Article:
The Socratic method was developed by none other than Socrates—the godfather of western philosophy. The objective of it is to break down what we think, and to see reality with fresh eyes. It is done through a dialogue between people, where someone states something as true, and other individuals ask questions to critically assess whether the claim is correct. Socrates developed this method through his informal talks with a wide range of people. Eventually, through his questions, the individuals he talked to began to doubt their answers to fundamental inquiries, such as, “What is justice?” Thus, the Socratic method penetrates deep into thinking processes and exposes the flaws of our essential reasoning. In the following paragraphs provided by our essay writing service, the method will be discussed in detail, from its development, process, and applications.
Socrates (c. 470– 399 BC) believed that learning was not so much about gathering information, but more about keeping an open mind. His style of teaching was through dialogue, whereby the student would think he or she knows something, but was shown that his or her knowing was not exacting. Socrates started to teach through these dialogues after a friend of his, Chaerephon, had visited the Oracle of Delphi—the high priestess of the Temple of Apollo at Delphi. The Oracle told Chaerephon that no person was wiser than Socrates in Greece. When Socrates was told of this incident, he began to use a method of inquiry to see if this was in fact true. Famously, Socrates is quoted as saying, “I know that I know nothing.” He determined through many dialogues with thinkers and many professionals in Greece that he may indeed be the wisest simply because he knew he knew nothing, while others thought they knew something. Examples of his dialogues were recorded and expounded on his Plato’s works. Though Socrates may have come off as pretending not to know anything, through his wisdom and philosophical introspection, he understood that knowledge cannot be attained (Jarratt, Susan C.).
It requires two people: one person with a claim, and one person who asks questions about the statement. It follows several steps:]
- The questioner allows the other person to encapsulate his or her claim.
- The questioner asks for evidence from the other person.
- The questioner challenges the assumptions of the individual making the claim.
- The questioner finds an exception in the idea of the person who made the original statement.
- The questioner asks the person to reform his or her original claim.
- The questioner goes through more inquiries and exceptions to show that the reforming of the original idea is not correct.
- Either the person who made the claim becomes exasperated or expresses doubt, or the questioner makes a conclusive statement about the false nature of the claims that have been made (wikiHow).
Throughout this process, it is key that both sides do not become angry or frustrated—especially the questioner. The Socratic method is done with mutual respect, decency, and diplomacy.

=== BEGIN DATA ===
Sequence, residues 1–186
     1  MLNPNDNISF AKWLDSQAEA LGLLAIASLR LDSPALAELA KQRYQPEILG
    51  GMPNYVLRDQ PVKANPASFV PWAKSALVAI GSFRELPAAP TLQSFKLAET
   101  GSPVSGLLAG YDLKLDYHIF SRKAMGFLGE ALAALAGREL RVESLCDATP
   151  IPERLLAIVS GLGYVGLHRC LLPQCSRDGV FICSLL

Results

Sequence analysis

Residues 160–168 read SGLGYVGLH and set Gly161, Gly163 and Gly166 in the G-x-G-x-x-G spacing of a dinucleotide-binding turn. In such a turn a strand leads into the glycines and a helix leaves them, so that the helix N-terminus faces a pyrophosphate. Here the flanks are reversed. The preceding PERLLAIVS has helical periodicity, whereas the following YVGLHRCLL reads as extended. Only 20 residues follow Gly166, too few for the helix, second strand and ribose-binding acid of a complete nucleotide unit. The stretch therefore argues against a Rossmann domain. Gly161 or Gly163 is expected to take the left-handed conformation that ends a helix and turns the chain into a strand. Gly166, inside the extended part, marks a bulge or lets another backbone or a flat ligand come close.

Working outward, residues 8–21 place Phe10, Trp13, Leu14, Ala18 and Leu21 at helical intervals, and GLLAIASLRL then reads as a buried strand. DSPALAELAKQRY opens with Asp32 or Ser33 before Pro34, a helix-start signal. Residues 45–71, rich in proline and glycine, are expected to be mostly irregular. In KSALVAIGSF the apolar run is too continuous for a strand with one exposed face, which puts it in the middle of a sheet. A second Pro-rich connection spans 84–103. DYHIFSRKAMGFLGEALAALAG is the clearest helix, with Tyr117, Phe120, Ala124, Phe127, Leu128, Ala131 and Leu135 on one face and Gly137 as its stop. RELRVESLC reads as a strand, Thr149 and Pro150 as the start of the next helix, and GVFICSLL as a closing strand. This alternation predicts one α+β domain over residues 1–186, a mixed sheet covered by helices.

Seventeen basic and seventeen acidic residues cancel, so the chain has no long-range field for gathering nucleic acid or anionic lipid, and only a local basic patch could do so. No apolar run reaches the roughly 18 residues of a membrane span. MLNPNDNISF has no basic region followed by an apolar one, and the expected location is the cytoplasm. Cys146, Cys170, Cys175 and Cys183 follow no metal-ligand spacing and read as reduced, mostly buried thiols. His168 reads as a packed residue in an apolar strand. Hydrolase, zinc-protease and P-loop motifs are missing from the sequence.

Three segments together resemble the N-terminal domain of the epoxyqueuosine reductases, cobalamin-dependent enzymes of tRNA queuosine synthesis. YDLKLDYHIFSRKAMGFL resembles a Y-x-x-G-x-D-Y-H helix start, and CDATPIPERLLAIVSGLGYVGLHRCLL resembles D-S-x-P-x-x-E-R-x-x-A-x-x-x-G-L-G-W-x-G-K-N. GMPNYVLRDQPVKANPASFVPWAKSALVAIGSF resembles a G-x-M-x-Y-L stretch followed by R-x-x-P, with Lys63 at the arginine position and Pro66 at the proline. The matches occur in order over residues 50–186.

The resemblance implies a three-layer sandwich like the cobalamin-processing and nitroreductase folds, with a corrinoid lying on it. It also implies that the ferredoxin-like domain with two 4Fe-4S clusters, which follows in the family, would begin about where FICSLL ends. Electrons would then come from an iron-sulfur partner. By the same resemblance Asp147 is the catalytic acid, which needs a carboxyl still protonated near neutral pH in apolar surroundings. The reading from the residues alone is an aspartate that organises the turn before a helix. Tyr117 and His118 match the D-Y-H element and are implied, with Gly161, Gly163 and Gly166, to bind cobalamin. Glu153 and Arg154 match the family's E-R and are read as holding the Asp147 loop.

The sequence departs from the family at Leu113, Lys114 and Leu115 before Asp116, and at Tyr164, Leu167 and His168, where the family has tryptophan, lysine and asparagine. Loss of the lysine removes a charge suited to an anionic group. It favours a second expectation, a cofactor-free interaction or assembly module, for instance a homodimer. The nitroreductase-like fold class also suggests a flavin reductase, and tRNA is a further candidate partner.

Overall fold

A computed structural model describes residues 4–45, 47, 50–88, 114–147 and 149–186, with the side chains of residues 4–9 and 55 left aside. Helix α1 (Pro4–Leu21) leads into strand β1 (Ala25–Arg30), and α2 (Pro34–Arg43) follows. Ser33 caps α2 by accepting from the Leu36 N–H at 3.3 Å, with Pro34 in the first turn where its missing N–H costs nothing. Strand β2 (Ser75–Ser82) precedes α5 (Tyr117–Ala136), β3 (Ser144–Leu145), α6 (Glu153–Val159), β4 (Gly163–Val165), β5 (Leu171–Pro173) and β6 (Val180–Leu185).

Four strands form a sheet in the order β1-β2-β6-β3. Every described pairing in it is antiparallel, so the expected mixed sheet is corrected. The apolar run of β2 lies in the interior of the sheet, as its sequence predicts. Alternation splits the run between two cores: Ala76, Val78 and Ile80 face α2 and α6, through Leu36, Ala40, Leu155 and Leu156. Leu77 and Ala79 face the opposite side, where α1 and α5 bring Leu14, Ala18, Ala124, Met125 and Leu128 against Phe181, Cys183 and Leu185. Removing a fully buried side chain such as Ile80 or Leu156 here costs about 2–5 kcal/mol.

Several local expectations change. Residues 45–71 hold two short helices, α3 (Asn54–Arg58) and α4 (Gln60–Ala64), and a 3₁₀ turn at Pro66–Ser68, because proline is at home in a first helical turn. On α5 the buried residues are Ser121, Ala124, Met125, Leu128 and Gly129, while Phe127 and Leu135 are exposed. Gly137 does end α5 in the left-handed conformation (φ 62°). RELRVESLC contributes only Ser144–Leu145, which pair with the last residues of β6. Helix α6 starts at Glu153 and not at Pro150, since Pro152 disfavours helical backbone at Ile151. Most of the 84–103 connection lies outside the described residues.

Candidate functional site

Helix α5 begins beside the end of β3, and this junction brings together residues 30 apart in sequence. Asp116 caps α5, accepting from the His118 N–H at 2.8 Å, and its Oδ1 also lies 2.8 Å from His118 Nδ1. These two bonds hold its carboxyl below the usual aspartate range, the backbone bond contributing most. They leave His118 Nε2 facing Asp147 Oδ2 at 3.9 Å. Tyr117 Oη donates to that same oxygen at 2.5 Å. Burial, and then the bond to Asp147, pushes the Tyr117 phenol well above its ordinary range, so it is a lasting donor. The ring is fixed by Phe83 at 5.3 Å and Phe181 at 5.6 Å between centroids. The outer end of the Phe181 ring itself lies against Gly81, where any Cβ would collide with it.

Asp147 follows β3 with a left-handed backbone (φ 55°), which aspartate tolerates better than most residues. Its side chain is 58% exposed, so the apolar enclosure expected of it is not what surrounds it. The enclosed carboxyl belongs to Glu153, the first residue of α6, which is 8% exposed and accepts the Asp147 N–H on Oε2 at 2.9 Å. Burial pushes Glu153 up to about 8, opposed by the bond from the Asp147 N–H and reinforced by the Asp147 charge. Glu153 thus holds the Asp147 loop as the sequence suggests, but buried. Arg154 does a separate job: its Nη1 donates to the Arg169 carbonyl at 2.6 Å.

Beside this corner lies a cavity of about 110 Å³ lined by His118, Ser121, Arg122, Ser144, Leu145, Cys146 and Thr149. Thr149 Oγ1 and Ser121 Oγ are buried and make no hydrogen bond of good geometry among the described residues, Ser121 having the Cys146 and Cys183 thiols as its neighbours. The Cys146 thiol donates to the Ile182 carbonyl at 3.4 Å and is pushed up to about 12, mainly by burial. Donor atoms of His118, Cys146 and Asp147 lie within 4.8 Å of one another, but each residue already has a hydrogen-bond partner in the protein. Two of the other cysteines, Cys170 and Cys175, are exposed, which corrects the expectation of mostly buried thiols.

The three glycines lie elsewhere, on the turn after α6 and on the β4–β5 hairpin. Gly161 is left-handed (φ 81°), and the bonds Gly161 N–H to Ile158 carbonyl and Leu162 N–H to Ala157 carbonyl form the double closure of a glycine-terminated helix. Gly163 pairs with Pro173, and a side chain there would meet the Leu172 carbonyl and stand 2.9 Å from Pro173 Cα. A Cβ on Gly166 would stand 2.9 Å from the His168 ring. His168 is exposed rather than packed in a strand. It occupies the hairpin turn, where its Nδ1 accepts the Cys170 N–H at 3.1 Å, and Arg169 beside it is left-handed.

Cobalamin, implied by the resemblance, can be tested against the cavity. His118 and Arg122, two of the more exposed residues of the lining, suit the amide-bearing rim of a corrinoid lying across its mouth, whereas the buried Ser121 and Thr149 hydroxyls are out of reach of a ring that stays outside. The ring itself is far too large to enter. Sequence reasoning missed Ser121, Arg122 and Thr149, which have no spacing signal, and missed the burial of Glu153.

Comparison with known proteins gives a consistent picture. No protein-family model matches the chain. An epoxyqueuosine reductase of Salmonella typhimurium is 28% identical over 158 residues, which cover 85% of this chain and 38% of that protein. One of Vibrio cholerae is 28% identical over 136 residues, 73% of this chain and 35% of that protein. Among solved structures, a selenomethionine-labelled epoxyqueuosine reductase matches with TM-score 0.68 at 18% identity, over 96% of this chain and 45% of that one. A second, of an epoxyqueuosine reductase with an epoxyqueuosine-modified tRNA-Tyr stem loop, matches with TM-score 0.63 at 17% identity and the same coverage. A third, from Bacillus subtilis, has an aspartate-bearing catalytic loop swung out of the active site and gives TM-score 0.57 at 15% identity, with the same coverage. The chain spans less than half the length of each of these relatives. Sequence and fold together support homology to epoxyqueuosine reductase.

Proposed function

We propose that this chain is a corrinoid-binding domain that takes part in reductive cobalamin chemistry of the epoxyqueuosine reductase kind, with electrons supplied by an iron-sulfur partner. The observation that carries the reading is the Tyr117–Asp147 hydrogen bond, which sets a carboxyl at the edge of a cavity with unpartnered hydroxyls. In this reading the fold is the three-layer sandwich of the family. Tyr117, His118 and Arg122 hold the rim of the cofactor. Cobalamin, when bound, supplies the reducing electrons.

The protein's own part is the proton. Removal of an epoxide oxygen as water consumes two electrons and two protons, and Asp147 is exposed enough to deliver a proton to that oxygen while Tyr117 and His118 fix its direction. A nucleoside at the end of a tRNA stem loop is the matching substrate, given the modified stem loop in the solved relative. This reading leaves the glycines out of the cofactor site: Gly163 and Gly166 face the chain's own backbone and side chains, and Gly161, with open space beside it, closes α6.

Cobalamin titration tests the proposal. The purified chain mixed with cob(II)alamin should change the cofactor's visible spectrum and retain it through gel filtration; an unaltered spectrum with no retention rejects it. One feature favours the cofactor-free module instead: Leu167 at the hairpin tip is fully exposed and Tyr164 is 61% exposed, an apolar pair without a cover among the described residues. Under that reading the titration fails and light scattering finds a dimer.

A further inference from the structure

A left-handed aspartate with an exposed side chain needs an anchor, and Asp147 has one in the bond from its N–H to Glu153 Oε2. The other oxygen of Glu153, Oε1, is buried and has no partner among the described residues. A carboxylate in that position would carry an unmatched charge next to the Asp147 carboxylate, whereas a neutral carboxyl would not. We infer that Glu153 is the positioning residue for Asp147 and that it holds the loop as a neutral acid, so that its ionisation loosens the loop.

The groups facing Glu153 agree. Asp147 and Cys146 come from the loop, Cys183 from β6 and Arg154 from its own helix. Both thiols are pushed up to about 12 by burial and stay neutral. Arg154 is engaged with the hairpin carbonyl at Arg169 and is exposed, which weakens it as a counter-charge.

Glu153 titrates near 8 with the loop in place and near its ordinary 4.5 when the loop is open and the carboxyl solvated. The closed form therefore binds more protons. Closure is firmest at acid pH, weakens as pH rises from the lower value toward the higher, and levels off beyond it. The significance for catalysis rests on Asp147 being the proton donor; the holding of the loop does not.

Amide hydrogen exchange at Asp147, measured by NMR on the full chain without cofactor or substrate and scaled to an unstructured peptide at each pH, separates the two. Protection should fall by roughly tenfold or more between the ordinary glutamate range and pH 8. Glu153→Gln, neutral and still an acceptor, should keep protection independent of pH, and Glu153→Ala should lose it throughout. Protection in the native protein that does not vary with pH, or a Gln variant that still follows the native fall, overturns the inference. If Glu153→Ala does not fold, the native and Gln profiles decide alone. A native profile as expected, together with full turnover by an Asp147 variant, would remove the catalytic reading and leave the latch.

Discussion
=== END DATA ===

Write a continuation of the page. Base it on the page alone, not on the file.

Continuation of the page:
The main application for the Socratic method is showing how concepts that are vague or lack concreteness can be exposed as false. These are often general principles we hold dear. It makes us reevaluate our foundations of thought and values. This method is also good for breaking down philosophical theories one has or other people have. It is a way to test theories of the intellect. Modern usage of the Socratic method can be found in not only philosophy but also in tutoring and teaching. Instead of telling students what to fix in their assignments, many teachers believe it is better to employ the Socratic method so that students arrive at the answers themselves. This process allows learners to resonate strongly with answers (“Socratic Method of Teaching: Pros and Cons”).
The Socratic method was developed by one of the founders of western philosophy, Socrates. After hearing he was supposed to be the wisest person in Greece according to the Oracle, he tested out the claim by having dialogues with prominent thinkers of the time. He determined through his questions that his wisdom lay in knowing that he did not know anything, whereas other people thought they knew something. These dialogues formed the Socratic method, which was later adopted by Plato. This tool is not used to prove anything. Rather, it is for breaking down thoughts and concepts that are taken as facts or true, and showing that knowledge is essentially non-obtainable.
Jarratt, Susan C. Rereading the Sophists: Classical Rhetoric Refigured. Carbondale and Edwardsville: Southern Illinois University Press, 1991., p 83.
“Socratic Method of Teaching: Pros and Cons.” Portland, 15 Feb. 2018, education.cu-portland.edu/blog/classroom-resources/should-educators-use-the-socratic-method-of-teaching/.
wikiHow. “How to Argue Using the Socratic Method.” WikiHow, WikiHow, 28 Mar. 2019, www.wikihow.com/Argue-Using-the-Socratic-Method.